People of color historically disadvantaged by the nation’s marijuana laws are largely missing out on burgeoning cannabis opportunities and wealth now that legalization spreads across the states—and minority entrepreneurs are pushing for change.
“I was the only Black woman for a long time in a lot of rooms—sometimes, still am,” said Iyana Edouard, a 27-year-old cannabis marketing specialist and content creator in California. For five years, she ran Kush & Cute, a small business that sold hemp skin care products.
When Edouard launched her company, it was one of the few brands of its kind owned by a Black woman, but as the industry grew in popularity, the influx of regulations and corporate competition made it “a lot harder for the small people to stay in the game,” she said in a telephone interview. In May, Edouard put a pause on Kush & Cute.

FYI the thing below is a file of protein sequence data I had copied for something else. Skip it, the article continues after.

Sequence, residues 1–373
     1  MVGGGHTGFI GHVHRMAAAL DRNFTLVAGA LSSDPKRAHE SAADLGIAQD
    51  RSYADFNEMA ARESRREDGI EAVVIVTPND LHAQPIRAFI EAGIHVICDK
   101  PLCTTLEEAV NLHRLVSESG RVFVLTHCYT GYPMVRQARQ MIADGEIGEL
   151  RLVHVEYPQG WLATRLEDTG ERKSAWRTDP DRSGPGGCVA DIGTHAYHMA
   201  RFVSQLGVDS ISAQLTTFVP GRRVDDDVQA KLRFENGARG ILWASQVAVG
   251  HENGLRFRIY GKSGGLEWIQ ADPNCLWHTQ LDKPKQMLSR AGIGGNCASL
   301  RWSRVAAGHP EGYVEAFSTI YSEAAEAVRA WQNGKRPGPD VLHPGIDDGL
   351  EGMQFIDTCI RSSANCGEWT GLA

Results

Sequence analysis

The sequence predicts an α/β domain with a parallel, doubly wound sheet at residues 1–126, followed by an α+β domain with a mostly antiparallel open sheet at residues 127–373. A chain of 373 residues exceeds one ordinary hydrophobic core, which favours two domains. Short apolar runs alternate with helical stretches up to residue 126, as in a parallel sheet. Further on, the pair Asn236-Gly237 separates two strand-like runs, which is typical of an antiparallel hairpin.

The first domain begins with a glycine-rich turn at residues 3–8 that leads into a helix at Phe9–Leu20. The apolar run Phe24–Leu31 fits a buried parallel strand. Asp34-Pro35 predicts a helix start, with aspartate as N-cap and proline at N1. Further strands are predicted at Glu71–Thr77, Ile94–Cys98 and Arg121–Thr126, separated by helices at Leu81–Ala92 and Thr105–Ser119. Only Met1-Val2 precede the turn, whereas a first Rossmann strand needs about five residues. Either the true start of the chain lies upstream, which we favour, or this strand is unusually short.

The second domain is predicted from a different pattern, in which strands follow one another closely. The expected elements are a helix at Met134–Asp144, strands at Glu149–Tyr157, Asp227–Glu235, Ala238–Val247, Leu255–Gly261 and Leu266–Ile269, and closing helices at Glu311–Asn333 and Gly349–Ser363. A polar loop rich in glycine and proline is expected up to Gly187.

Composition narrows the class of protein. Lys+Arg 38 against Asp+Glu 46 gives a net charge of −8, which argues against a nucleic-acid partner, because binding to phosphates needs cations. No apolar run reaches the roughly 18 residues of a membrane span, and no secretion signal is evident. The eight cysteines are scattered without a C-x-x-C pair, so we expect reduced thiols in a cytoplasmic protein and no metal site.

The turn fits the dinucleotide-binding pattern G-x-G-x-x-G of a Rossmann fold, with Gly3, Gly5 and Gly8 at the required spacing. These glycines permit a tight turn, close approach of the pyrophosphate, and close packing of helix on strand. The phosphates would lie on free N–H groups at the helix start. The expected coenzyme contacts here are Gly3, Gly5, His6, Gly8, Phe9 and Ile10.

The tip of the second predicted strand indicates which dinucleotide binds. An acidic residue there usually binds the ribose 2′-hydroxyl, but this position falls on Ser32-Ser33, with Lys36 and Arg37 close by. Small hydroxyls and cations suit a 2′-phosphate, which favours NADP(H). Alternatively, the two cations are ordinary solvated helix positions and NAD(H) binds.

Minorities, including women, may find the cannabis sector of today cultivating more diversity, Edouard said, but “it is easier for White, wealthy women to get in the space because they have the resources.”
Because weed is outlawed federally, bank loans and tax breaks aren’t an option for people of color lacking ample financial backing. Meanwhile, venture capitalists and businesses with angel investors build their own cannabis empires.
While a handful of Black celebrities, including rappers Snoop Dogg and Jay-Z, have successfully broken into the industry, they’re outliers in a White-dominated sector. About 80% of marijuana business owners and founders identify as White, according to a 2017 survey by Marijuana Business Daily. Only 5.7% of these entrepreneurs are Hispanic or Latino, and 4.3% are Black.
“It’s not easy,” said 25-year-old C.J. Wallace, who launched Think BIG, a Black-owned company focused on cannabis legalization and other social justice issues. It previously sold limited-edition cannabis products in 2019.
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Published: November 30, 2021